We’ve heard of putting our money where our mouth is, but how do we put it where our heart is? Is such a thing possible? Can we use money to better fulfill our personal purpose?Read full content
With focused work, yes, we can use money to fulfill our purpose. Cultivate a balanced financial perspective and put your money to work for you, by adopting this mindset.
1. Accept that money is a tool, and you need it.
That’s all money is—a globally recognized tool that can be exchanged for things you need or perhaps want. While en vogue to pretend like money does not matter, it does. Money can’t buy health, but it can buy medical supplies; money cannot buy happiness, but it can buy an outing for your child or food for a pet, which is perhaps the closest we come to paradise on earth. Money cannot buy love, but it can be used to fund your favorite charities, creating more love in this world. Accept that you do need money. You do not, however, have to become consumed by that need.
2. Realize that tools are meant to be used.
There is a line between preparing for the future and living in the present; it is particularly challenging to walk this line when dealing with finances. While it would be irresponsible and immature to go into debt for trivial comforts, we amass wealth so that we might one day buy houses, send kids to college, take pleasant vacations, or pursue expensive hobbies like photography or sailing. When the time comes to spend money on those things, and you have the money, spend it! Spend it with joy and completely without regret—that is what money is for. When you end up spending large sums on things you did not plan for, such as a new car when yours breaks down, braces for a child, or a new stove, spend it with joy and completely without regret—again, that is what money is for.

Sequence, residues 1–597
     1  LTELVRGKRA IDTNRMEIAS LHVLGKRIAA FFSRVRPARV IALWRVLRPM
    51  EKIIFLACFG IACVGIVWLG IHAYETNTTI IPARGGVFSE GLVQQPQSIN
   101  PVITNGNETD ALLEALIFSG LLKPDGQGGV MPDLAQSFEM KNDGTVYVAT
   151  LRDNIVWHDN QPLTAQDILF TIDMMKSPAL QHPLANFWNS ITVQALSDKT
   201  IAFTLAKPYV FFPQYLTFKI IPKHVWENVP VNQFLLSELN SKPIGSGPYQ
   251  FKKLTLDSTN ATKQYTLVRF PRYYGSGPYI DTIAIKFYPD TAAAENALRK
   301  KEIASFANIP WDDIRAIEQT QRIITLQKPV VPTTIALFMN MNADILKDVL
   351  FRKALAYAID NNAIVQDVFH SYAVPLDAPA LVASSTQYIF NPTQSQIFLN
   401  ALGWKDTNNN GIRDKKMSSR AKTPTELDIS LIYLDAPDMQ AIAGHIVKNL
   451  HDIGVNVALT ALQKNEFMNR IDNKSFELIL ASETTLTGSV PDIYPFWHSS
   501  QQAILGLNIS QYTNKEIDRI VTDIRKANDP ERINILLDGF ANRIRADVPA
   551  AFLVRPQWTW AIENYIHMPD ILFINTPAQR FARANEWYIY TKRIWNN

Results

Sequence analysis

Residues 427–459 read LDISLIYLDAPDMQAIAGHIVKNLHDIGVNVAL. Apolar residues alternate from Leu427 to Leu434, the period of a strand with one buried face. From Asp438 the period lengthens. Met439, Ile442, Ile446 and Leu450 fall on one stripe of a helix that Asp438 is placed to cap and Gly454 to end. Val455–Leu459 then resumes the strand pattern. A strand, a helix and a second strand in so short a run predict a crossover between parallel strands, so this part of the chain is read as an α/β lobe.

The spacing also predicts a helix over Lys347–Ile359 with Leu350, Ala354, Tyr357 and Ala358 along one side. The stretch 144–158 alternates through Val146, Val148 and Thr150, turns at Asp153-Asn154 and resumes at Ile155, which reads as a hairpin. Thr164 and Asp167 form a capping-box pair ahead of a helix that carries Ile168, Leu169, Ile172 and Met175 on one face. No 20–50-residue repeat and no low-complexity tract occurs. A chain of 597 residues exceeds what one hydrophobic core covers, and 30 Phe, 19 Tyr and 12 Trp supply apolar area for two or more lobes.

3. Leverage your assets to increase your own happiness.
What makes you happy? Is it a particular hobby, charity work, trips to a meaningful location? Whatever it is, it likely requires gas to get there, equipment, or perhaps childcare or a day off of work without pay to actually pursue these activities. When do you feel best? Is it when you work out regularly at that gym you like, when you get a massage, when you shop at organic food stores? Nearly everything requires some sort of financial output. Spend your money on what makes you feel and live your healthiest and happiest.
4. But first, leverage your assets to discover what makes you happy.
Not entirely sure what your purpose is, or what makes you happy? Start saving up to take a class, join a hobby club or association, donate your time as a volunteer, or fund a trip. Pack a journal (purchased with—you guessed it—money!), and take note of when you feel the most relaxed, smile the most, and are at your personal best. Not feeling it yet? Save more money, try something else. Or, treat a trusted mentor to a nice dinner and ask for their advice. Eventually, you will find a place where you fit and an activity that invigorates you.
5. Politely ignore others.
While others can contribute to your happiness, they cannot make you happy. Likewise, while others may be able to help shed light on your purpose, and share their wisdom about how you might most effectively use money to fulfill your purpose, it is your money and your purpose. Be bold when you need to be.
Struggling to identify and articulate your purpose? Check out these 5 Steps to Find Out Your Life Purpose.
Featured photo credit: Nina Matthews Photography via flickr.com
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